June 29, 2012: Update – I was just over at MILO and read New Jersey estate planning lawyer Victor Medina’s response listing his essential Mac apps. He included Dropbox and Alfred (or LaunchBar). I actually use both of those and, in fact, installed those early on but they so seamlessly integrate into my workflow that I forgot to include them on the list altogether.
1. BusyCal – Sync with just about anything and list view.
2. Moom – Getting windows set just right on the screen.
3. 1Password – Surprised this didn’t come in first, really. Tracks all your important passwords AND credit cards, driver’s licenses etc.
4. TextExpander – Too many joys to explain, from audience specific signature lines in emails to shortcuts for legal citations.
5. OmniFocus – When you get tired of spinning your wheels and going ten different directions at once, put some direction to your energy (just don’t put it all into micromanaging your ToDo list, a.k.a. know when to stop organizing what you need to do and start doing stuff.)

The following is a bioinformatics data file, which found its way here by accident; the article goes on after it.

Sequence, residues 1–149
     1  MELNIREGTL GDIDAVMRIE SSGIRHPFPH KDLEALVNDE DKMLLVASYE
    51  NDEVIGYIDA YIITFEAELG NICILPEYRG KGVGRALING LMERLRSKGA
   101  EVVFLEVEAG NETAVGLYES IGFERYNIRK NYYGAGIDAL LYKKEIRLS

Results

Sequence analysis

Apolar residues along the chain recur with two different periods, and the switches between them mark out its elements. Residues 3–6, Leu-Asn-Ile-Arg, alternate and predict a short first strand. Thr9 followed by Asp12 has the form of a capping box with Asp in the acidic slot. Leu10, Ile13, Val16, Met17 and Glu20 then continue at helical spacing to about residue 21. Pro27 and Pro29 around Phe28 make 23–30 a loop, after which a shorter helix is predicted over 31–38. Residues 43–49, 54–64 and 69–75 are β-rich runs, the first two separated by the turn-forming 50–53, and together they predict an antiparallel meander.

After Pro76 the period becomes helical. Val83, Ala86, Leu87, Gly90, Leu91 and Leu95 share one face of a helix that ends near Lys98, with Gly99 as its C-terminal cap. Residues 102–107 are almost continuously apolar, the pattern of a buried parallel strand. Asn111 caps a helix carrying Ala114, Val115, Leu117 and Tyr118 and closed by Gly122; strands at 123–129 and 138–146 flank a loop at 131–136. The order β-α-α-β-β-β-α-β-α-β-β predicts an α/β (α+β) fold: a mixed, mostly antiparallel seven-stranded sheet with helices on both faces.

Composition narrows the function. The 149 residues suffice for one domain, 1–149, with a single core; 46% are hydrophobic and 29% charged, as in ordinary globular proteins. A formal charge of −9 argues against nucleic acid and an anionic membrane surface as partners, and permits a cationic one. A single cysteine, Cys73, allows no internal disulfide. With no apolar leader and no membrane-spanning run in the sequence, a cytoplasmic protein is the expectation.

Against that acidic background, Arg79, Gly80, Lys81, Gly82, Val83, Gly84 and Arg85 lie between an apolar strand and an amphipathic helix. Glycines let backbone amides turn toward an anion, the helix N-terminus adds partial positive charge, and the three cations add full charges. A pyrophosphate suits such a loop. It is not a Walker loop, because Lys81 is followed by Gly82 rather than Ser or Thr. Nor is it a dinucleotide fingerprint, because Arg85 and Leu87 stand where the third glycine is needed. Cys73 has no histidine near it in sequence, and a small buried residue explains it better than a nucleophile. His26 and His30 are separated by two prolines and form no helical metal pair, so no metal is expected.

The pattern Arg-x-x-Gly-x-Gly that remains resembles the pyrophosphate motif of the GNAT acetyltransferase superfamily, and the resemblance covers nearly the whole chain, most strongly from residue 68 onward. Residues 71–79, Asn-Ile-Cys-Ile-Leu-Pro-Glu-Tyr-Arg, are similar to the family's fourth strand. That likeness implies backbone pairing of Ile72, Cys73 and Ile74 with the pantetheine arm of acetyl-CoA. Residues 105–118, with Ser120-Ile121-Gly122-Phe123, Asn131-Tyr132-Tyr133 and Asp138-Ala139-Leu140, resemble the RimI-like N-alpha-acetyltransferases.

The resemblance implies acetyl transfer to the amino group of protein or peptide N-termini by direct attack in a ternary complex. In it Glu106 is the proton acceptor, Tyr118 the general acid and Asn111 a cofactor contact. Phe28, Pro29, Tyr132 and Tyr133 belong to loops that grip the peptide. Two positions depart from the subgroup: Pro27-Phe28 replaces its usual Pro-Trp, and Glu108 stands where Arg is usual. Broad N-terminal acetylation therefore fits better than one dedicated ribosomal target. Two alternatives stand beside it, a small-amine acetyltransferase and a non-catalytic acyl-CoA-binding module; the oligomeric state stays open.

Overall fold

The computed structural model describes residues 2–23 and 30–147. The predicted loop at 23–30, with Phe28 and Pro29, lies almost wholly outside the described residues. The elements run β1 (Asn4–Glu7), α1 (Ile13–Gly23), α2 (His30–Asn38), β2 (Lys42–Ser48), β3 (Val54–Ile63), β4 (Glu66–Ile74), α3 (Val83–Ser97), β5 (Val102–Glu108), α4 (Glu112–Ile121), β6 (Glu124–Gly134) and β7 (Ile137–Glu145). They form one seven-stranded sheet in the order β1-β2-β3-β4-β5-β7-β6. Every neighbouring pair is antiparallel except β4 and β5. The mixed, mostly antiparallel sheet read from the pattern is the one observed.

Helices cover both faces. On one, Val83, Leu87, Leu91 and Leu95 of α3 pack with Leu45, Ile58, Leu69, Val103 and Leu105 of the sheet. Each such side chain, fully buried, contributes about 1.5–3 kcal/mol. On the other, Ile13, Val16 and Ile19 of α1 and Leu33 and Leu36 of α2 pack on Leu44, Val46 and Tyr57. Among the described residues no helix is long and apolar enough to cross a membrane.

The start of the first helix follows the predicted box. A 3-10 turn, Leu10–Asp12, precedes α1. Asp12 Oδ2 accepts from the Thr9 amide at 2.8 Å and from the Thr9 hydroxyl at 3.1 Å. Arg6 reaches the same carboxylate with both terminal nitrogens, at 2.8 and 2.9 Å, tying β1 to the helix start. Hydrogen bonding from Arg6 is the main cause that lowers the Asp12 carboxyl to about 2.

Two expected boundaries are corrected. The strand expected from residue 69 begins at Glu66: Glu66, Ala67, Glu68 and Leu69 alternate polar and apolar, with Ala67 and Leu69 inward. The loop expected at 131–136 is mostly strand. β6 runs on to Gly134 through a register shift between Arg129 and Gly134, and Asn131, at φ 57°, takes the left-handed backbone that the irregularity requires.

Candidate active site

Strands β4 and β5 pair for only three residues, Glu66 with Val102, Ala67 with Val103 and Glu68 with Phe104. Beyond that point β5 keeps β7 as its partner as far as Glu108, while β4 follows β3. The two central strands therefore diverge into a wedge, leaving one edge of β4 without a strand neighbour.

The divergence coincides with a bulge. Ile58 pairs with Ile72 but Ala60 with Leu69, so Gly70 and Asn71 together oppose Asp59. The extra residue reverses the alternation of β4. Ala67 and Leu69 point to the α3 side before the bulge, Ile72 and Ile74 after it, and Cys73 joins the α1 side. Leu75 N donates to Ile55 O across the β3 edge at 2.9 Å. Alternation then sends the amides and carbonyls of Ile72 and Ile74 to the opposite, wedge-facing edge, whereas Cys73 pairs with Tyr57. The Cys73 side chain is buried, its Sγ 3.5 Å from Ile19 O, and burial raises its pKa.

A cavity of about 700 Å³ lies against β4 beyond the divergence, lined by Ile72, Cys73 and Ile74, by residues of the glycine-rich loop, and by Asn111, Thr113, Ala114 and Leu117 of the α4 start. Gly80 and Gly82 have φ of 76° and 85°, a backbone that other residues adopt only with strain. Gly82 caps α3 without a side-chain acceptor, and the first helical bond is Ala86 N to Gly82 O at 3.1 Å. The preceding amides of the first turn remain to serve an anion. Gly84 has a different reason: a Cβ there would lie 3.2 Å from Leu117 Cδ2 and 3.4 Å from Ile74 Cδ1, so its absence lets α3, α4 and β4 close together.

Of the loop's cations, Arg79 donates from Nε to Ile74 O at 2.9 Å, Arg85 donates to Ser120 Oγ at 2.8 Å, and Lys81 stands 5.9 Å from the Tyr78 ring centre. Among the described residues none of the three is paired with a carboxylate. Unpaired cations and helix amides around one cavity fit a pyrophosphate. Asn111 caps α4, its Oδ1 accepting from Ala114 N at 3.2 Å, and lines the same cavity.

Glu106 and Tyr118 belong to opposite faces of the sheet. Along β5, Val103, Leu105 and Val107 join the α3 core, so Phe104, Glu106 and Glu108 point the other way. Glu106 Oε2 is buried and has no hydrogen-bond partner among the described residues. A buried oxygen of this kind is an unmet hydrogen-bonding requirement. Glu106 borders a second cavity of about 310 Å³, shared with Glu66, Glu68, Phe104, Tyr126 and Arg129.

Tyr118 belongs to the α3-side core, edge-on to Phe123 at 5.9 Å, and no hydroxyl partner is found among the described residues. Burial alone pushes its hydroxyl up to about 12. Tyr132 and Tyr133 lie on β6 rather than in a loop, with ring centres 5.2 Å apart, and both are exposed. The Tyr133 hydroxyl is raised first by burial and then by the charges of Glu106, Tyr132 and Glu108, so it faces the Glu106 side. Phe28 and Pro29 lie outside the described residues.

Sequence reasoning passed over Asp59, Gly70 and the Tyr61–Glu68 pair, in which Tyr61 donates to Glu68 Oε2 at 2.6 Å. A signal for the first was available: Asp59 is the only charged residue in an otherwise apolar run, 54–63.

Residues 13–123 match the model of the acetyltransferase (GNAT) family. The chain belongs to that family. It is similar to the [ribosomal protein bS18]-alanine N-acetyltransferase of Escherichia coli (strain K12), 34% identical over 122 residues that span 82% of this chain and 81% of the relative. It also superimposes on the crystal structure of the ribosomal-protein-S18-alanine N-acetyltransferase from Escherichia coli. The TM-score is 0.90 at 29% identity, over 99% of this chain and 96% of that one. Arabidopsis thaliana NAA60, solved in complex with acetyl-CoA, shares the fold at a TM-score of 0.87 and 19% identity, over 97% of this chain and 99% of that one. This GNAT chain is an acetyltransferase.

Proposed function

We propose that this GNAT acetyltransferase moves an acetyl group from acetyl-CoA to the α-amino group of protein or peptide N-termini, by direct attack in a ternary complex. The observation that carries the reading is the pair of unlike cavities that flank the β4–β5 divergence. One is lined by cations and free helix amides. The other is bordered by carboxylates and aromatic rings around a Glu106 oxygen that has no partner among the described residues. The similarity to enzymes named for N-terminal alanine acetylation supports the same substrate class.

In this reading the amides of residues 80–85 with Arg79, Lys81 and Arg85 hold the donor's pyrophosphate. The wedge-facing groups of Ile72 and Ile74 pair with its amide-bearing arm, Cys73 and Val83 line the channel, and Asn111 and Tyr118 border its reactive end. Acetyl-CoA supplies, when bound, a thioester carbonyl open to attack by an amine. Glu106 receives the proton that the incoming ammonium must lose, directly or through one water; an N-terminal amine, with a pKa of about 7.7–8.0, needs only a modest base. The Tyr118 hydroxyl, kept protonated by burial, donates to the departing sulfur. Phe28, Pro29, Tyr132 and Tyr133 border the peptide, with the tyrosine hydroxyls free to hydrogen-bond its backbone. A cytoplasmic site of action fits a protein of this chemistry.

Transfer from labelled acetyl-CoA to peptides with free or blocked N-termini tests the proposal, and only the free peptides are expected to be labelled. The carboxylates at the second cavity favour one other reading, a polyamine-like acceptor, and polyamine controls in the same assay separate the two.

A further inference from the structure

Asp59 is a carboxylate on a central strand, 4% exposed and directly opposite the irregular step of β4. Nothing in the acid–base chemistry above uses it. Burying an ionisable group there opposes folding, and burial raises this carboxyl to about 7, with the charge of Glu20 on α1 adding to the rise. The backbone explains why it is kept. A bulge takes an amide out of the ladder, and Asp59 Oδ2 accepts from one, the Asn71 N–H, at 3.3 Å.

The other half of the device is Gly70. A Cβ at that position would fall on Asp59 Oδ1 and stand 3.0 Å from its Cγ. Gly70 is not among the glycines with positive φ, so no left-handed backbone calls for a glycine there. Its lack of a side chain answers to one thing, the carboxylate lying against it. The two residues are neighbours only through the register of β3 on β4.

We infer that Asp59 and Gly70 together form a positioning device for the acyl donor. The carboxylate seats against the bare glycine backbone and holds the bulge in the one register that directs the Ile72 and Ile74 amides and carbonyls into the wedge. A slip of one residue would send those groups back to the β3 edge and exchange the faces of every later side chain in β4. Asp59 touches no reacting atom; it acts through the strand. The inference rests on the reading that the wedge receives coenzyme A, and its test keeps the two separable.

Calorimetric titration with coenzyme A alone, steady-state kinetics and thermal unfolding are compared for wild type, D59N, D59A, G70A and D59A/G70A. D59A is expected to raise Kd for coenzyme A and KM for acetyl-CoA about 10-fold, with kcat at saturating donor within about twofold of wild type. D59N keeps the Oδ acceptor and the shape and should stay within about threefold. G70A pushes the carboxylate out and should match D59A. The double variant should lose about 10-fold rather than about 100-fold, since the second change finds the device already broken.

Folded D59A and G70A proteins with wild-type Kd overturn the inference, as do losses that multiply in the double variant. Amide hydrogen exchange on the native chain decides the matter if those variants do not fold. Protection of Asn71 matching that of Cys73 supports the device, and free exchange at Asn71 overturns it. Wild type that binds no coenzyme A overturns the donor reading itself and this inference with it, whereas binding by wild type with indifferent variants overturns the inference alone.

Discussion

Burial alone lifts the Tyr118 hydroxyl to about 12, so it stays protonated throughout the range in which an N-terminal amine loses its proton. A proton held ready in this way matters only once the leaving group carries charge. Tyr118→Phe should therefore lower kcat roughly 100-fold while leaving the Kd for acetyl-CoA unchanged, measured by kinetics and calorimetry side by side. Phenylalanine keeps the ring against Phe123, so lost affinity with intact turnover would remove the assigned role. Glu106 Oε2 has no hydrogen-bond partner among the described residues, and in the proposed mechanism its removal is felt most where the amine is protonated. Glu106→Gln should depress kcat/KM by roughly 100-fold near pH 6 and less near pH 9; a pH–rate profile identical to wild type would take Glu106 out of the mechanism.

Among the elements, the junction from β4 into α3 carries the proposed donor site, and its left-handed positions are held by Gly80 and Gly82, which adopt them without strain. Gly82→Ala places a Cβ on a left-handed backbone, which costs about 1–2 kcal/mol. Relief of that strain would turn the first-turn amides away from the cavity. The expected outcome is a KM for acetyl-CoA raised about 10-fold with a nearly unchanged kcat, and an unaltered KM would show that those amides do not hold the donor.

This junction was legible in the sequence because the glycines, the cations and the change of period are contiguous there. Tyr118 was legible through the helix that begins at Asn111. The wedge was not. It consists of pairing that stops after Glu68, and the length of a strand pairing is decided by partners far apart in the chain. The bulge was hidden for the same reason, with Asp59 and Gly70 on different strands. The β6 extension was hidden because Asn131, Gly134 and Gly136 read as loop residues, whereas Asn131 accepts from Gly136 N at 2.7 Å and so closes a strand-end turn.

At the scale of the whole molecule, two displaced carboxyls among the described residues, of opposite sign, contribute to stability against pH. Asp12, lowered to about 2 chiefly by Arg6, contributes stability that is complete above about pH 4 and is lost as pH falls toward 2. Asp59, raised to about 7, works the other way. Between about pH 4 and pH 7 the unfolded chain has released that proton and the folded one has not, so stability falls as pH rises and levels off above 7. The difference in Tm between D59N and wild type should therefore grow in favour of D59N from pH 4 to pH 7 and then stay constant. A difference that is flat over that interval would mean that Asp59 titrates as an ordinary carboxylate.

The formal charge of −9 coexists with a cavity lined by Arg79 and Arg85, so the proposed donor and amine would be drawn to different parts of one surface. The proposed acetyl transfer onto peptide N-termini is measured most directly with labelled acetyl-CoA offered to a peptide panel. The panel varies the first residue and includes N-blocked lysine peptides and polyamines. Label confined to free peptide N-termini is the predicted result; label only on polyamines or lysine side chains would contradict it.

6. Pages – Because, eventually, you’ll need to write something with substance and formatted in an eye pleasing manner.
7. DEVONthink Pro Office – Heavy lifting, digging deep case and issue analysis.
8. Skitch – Screenshots, but importantly, screenshot filenames which tell you where the screenshot came from, including the page number of the PDF you were looking at when you took the screenshot.
9. Circus Ponies NoteBook – Collecting and building notes, depo outlines, thoughts, themes and exhibits, so that it can all get thrown together into a Trial Notebook.
10. Default Folder X – OS X’s continuing shortcoming? Finder. Fix it with this nice little utility that makes the finder truly useful, including the ability to add OpenMeta tags to files as you save them.
11. DEVONtechnologies Free Word Service – Ever need to delete bunch of line endings or change an ALL CAPS line to small caps? Go get this free utility to quickly and effortlessly manipulate text.
12. DEVONsphere – $4.99 on the app store. Get it and play with it. It can be a bit of processor hog, so set it on a weekly index schedule, preferably on a day you are not working.
13. OmniOutliner Pro – The old standby outliner. It is a great way to organize depo outlines and the standout columns feature allows you to sort by date, or do spreadsheet style calculations.
14. Parallels/WinXP (TextMap, WordPerfect) – Bleh. Occasionally you just get sucked back in… think of it as going into the storage room in the basement to pull some old file out of archives and then relish your return to the sunlit corner office of Mac OS X.
Do you have a ‘must install’ app not listed above? Tell us about it in the comments, including the ‘why.’